The S&P 500 is comprised mainly of coronavirus “winners,” according to Ned Davis Research. Virus “losers,” meanwhile, make up just 30% of the large-cap index.
Much has been written about the stark divergence between economic fundamentals and the performance of the stock market of late. The S&P 500 Index has recovered nearly 30% from its March lows despite a record surge in unemployment.
As it turns out, the large-cap index is dominated by so-called coronavirus “winners” as opposed to “losers.”
A “winner,” in this case, is defined as a business that,
has not been meaningfully impacted by, or in some cases benefited from, the pandemic.
That’s according to Eric Clissold, the chief marketing strategist at Ned Davis Research.
In a note to clients obtained by CNBC, Clissold said 58% of the S&P 500’s total market capitalization comes from coronavirus winners, while 30% comes from Covid-19 “losers.” The “neutral” category makes up roughly 11% of the S&P 500’s market cap.
As of Friday’s close, the S&P 500 Index was down roughly 15% from its Feb. 19 peak. Virus winners had lost just 6% while losers were down over 33%.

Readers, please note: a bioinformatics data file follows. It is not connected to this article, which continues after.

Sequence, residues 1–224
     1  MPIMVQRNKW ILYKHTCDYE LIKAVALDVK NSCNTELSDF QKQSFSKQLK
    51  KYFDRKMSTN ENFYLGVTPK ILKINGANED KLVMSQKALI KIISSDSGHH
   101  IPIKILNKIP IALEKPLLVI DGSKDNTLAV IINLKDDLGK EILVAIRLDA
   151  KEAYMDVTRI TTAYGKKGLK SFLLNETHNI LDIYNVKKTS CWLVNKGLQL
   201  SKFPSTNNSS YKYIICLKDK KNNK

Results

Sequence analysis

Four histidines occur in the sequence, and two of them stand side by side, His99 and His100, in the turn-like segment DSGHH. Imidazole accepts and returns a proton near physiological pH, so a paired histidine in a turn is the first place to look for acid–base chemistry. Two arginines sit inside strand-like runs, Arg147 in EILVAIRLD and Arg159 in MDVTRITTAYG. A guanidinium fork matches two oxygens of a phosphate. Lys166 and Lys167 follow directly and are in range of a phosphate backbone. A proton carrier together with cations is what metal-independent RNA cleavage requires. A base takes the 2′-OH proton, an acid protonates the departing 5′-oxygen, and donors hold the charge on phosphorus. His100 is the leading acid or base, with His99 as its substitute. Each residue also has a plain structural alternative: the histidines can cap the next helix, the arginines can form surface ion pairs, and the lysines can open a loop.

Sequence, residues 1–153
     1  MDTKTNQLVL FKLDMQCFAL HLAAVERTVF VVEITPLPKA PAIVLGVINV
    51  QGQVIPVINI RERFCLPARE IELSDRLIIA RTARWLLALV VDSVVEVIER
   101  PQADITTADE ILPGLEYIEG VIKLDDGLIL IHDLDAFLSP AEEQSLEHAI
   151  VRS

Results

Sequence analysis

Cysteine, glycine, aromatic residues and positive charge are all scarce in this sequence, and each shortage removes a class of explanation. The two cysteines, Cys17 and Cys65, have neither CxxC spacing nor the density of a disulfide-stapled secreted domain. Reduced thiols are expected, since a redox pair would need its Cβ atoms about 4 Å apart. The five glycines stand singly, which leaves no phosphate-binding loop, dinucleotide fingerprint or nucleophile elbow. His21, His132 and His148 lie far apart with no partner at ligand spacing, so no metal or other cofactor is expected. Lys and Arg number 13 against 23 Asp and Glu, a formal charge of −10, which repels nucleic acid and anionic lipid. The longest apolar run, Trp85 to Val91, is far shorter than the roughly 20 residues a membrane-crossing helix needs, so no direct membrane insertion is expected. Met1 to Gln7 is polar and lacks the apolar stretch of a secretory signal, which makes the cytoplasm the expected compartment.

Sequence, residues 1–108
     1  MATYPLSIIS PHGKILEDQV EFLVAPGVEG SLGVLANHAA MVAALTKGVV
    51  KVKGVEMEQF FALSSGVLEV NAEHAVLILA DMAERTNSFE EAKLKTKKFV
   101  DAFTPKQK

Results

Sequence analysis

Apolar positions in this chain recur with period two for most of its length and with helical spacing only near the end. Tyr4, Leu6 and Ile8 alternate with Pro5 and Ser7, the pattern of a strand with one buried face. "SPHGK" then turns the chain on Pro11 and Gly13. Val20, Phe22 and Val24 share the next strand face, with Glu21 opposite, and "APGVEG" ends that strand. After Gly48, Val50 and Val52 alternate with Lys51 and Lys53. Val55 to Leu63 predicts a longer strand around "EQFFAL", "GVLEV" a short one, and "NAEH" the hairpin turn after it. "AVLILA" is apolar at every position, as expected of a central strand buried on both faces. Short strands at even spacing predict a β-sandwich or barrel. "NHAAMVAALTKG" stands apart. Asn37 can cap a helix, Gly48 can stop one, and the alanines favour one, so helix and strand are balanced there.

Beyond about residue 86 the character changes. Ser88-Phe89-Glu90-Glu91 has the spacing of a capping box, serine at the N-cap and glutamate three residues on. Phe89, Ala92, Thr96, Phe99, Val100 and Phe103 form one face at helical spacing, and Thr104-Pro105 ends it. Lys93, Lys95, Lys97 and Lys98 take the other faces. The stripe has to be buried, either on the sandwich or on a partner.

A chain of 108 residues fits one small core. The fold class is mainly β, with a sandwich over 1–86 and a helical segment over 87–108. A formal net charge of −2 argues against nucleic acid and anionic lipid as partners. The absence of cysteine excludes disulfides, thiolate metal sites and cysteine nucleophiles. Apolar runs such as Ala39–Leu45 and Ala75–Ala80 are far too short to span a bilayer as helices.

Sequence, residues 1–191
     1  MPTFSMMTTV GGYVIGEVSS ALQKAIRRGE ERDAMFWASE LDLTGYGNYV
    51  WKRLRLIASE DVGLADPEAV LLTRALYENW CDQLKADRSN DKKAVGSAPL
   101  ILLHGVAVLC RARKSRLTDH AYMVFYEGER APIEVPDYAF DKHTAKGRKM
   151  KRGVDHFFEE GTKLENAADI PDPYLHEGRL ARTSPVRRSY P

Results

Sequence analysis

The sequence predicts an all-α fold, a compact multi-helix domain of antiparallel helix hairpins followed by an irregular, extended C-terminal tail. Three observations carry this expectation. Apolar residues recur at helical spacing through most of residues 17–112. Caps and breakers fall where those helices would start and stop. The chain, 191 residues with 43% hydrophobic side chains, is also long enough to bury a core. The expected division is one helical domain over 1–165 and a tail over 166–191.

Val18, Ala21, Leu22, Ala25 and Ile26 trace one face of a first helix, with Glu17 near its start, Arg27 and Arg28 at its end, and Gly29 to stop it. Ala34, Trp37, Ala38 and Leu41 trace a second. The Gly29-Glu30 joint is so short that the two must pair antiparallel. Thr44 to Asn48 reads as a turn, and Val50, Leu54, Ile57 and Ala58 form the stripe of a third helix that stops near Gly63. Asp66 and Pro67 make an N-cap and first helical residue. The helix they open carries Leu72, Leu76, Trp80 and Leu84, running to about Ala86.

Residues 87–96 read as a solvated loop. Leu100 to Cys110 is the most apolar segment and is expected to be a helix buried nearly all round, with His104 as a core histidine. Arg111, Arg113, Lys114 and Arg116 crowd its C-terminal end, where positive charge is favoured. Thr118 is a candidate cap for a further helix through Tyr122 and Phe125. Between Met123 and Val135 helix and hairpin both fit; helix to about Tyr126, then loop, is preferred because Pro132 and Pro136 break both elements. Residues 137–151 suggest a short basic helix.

A revision in these numbers will be necessary after Monday’s close as the S&P 500 looks poised for a significant rebound. The large-cap index rose by as much as 2.6% Monday morning, virtually erasing last week’s decline.
Equities surged Monday on hopeful news that an experimental vaccine to treat coronavirus is showing promising early results.
Biotechnology company Moderna Inc. (NASDAQ:MRNA) says its early-stage human trial for a coronavirus vaccine produced Covid-19 antibodies in all 45 participants. The company’s stock jumped 21% on the news.
Moderna CEO discusses human trial results:
Coronavirus news has been a bigger driver of stocks than economic data, according to Paul Chew of Phillip Securities. Whereas economic data are lagging indicators, virus news has a much more immediate impact on the markets.
“Even with better economic numbers, the market won’t rejoice,” Chew told The Wall Street Journal.
On the data front, a key measure of U.S. housing-market sentiment rebounded in May but remained well below the positive threshold.
Data on housing starts, initial jobless claims, and services PMI will be released later in the week.
While some U.S. states are emerging from government-imposed lockdowns, the economic blowback from the shelter-in-place orders will be severe. Gross domestic product (GDP) is on course to contract by 42.8% in the second quarter, according to the Atlanta Federal Reserve’s latest estimate.
Disclaimer: The opinions expressed in this article should not be considered investment advice from CCN.com.